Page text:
During the search about tools for automated detection of source code error, I’ve stumbled on a very interesting project, Checkstyle, that commits itself to check the adherence of source code to a given formal rule set, having 3 defaults already adopted by some workgroup (these default sets are named “google”, “sun”, and “sun modified for Eclipse”). Not exactly what I was looking for, because I was searching something similar to FindBugs, but I am happy nonetheless.
Checkstyle is a standalone project, but plugins for various IDE have been created by third-parties: I have tried Eclipse-CheckStyle.

Source code style standardization shouldn’t be underrated: even without being part of a large team, it is easy to understand that it improves many aspects.
Code readability: if my source code is easier to be read, it is also easier to be understood by other team members.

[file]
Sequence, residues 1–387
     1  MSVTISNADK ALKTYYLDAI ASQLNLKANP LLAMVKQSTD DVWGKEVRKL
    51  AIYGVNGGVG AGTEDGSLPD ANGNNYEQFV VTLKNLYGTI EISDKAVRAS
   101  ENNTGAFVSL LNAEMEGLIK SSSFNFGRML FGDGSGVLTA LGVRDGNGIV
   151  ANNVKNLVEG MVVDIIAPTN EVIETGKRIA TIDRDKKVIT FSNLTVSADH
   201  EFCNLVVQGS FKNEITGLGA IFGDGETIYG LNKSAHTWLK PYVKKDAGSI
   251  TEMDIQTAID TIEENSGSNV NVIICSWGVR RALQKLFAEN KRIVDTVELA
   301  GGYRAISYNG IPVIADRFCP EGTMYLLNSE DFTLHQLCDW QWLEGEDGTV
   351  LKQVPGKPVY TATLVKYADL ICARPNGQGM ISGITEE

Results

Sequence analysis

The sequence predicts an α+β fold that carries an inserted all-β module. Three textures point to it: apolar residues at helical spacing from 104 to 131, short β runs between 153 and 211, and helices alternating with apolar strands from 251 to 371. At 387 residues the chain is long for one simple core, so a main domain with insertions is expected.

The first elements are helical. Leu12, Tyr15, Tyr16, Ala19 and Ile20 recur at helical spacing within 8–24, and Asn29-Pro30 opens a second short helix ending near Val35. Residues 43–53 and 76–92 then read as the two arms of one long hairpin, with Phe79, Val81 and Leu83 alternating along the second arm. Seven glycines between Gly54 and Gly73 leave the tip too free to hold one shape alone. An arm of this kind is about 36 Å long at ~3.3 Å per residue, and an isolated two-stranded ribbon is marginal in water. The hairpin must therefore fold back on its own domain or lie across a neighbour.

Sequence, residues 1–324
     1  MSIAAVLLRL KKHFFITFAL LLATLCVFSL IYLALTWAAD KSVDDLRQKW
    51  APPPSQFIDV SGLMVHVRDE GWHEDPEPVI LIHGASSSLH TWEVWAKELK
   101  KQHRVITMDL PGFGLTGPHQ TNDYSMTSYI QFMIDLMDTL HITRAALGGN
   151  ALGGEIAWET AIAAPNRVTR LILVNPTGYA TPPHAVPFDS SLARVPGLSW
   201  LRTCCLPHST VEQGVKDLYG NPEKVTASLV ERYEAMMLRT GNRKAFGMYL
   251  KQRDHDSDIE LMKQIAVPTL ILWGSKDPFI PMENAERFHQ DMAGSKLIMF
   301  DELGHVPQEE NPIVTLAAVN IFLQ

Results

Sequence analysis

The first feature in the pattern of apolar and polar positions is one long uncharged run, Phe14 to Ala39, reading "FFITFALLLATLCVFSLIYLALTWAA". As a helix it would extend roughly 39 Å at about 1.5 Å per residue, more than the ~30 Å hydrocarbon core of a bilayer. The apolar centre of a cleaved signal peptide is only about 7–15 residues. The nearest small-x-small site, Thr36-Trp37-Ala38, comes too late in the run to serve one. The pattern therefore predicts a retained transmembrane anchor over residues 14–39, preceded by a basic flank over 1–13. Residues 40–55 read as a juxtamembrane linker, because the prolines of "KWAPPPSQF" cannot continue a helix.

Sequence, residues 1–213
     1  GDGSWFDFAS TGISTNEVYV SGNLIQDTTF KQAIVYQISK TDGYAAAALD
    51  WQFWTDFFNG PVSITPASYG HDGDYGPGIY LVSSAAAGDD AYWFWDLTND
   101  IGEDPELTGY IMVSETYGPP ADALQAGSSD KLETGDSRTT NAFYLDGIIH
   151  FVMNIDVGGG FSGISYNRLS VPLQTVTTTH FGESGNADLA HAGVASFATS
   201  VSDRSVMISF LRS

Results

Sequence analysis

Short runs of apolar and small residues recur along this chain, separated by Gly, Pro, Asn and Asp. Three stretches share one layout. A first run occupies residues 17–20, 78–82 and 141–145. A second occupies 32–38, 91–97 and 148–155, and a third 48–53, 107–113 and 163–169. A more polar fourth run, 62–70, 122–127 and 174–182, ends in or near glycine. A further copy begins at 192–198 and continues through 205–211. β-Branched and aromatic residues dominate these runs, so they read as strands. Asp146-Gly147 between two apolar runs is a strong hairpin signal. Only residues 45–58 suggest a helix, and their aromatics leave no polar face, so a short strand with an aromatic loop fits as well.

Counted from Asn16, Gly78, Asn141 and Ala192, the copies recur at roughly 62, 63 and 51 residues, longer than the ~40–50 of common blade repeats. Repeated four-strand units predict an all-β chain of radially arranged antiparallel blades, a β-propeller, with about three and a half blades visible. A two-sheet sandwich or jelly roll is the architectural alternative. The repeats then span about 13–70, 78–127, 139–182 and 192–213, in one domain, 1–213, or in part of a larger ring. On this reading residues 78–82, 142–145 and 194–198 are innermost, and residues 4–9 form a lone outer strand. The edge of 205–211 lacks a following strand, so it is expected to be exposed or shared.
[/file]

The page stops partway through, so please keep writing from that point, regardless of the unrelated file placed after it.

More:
Software mantainability: reviewing other people’s code and modifying your own are activities with intrinsic hurdles (for example: where is the bug? what this (undocumented) code does? and so on), so it is better to avoid adding more (for instance: why did the author write some variables like constants?).
Efficiency: a developer, used to write with the right style, will be more ready to understand the good examples that can be found on the net.

Checkstyle’s defaults are not absolute truth, but can be used to create new rule set for your developer team. The rule editor is quite complex and not really user friendly, but in few steps I was able to increase the row’s max length and allow the tab character to be user for indentation.
Eclipse-Checkstyle doesn’t check your code in real time (i.e. while you are typing), but only on demand or on project’s rebuild, highlighting the not compliant rows with a yellow background that is impossible to ignore.

All in all, Checkstyle improves the efficiency of source code writing and reviewing tasks… and its appearance (but this is a personal opinion!)